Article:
It is 7am in Kuntanase, Ghana and the sun has been up for several hours already. I am sitting in my host family’s living room quietly and eagerly anticipating the first day of our internship with the Minority Health and Health Disparities International Research Training (MHIRT) Program and the Ghana Health Service. I have been itching, anxious, and reflective in starting work since we arrived in Ghana two weeks ago. Since then we have navigated unfamiliar cities, attended a lively Mother’s Day church service, experienced the unwavering heat and unpredictable rain of the region, celebrate the life and death at a traditional funeral service, found Chicago-style burgers and ribs, visited a historic slave castle, and have learned to go with the flow. While we have had an adventurous two weeks in Ghana, our adventure truly begins today.
MHIRT sponsored two projects in Ghana through the University of Michigan this year. My decision to apply came from many mindsets: this was a new research experience for me, outside of the wet lab and into a public health project; this was another opportunity to experience the world, in a place that not many see; this was a chance to extend my reach to pre-natal health work; and this was a challenge to be abroad for three months, twice as long as I’ve ever been. Upon being excepted, I was excited at the prospect of the infant mortality project, concepts and designs I’d only been familiar with through my public health classes. Our meetings throughout the semester made me both nervous and excited (much as I am feeling right now). Among the 10 undergraduate students working in Ghana, my project partner and I are working in a district hospital by Bosumtwe in a case-control study of the effectiveness of fetal monitoring devices on infant mortality outcomes. This project has excited for several years through different hospitals in the region, so this is an extension of the progress that has already been made. From my understanding, this project will begin with a retrospective study and end with an implementation analysis to produce a cross-sectional report on the effectiveness of fetal monitoring devices as a preventive measure in maternal and infant care.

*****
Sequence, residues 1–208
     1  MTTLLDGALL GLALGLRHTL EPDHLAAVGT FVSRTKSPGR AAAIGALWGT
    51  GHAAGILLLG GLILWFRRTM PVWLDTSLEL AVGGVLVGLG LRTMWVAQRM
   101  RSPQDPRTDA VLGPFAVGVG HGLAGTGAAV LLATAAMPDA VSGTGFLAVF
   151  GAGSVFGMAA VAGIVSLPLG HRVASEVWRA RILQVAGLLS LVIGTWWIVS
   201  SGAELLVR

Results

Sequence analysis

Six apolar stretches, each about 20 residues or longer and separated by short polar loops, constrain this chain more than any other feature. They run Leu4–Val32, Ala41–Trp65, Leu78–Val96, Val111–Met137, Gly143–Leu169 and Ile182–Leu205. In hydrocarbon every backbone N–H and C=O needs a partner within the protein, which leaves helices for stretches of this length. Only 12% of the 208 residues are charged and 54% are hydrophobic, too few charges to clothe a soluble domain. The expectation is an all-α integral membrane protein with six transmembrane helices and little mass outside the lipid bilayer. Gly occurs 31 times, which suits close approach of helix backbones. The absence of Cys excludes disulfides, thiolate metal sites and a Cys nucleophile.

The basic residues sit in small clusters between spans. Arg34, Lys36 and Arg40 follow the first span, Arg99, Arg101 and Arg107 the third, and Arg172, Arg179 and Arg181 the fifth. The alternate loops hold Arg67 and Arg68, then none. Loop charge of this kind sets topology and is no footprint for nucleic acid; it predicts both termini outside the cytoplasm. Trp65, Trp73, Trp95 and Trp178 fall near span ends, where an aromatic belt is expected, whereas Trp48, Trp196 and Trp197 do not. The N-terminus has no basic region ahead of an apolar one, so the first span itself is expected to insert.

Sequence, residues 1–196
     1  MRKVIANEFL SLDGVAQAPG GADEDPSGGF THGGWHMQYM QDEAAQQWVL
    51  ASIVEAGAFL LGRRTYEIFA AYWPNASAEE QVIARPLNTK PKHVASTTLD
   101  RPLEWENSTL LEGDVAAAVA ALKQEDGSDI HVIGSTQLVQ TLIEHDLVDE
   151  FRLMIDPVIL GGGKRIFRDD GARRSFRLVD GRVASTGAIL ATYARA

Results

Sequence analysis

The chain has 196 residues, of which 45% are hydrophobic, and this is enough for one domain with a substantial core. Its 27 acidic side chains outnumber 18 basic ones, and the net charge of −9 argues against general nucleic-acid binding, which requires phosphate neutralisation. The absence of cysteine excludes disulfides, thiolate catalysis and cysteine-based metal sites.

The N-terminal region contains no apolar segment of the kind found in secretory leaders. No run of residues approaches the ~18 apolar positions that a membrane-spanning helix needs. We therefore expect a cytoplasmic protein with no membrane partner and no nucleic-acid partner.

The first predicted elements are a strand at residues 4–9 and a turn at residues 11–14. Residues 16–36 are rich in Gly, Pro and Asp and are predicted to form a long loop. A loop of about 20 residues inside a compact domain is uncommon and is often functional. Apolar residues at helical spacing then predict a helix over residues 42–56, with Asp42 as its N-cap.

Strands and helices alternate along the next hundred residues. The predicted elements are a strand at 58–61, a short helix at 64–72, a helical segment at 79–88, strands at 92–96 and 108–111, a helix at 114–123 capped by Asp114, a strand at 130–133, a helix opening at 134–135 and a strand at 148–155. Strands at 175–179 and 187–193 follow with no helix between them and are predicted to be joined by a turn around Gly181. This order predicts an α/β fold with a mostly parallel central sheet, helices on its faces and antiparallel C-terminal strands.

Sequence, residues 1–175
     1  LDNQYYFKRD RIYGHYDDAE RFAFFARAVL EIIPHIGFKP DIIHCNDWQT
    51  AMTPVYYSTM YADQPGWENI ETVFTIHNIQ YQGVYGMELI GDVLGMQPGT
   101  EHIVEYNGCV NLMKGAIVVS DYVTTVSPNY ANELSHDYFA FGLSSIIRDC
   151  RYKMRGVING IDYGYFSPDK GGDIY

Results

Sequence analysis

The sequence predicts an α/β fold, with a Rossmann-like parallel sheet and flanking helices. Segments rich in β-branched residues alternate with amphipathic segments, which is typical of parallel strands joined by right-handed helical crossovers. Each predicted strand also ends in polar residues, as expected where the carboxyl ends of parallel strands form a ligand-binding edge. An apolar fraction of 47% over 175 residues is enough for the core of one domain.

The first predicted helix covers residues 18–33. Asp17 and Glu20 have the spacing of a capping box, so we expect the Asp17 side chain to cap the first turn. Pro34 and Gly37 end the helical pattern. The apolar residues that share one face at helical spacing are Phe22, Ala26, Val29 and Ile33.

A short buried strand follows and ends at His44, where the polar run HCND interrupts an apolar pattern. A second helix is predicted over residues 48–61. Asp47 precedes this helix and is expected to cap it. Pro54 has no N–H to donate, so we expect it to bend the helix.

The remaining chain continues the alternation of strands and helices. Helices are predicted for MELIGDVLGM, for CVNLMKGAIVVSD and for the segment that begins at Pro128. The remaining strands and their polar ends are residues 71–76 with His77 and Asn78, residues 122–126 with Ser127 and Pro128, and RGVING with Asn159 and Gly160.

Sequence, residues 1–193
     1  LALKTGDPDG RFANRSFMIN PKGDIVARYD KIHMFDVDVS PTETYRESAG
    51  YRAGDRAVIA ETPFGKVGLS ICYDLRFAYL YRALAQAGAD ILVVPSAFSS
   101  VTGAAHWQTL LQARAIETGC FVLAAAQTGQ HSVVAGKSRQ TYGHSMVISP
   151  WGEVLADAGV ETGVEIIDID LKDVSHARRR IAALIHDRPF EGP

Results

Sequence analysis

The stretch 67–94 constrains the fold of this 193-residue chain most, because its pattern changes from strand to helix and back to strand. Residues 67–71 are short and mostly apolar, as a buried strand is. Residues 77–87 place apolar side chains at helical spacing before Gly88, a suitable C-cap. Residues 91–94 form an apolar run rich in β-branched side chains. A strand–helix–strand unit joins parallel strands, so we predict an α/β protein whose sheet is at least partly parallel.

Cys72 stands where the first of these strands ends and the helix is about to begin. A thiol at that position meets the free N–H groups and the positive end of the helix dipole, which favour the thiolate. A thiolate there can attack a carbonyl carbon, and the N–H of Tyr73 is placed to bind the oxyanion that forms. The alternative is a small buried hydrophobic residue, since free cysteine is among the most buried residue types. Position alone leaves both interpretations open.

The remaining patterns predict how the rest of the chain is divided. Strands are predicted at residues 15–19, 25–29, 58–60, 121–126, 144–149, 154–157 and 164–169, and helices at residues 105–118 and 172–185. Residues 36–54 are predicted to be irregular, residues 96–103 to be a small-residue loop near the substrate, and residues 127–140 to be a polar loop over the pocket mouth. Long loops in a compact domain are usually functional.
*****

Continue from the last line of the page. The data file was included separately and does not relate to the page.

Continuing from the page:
Though this project is outside my declared course of study, I hope this project and experience will help determine my path after graduation next year: will I do work like this before heading to graduate school? Will I continue to a graduate school in public health or another field? Is this kind of research for me, am I better at the bench, or can I pursue both? In the course of this project, I keep my goals in mind: to do good research, to experience the Ashanti region and immerse myself with my host family, and to take every opportunity that presents itself to me. I am also aware of the number of challenges I will face (and have already faced): frustration over delays or the inherent patience needed with research, cultural and language barriers, and potentially witnessing death for the first time. It will take balance between my hopes and fears to allow this experience to be truly rewarding.
I like to say that you get out what you put in; so here’s to putting in everything I can to having an experience of the lifetime here in Ghana.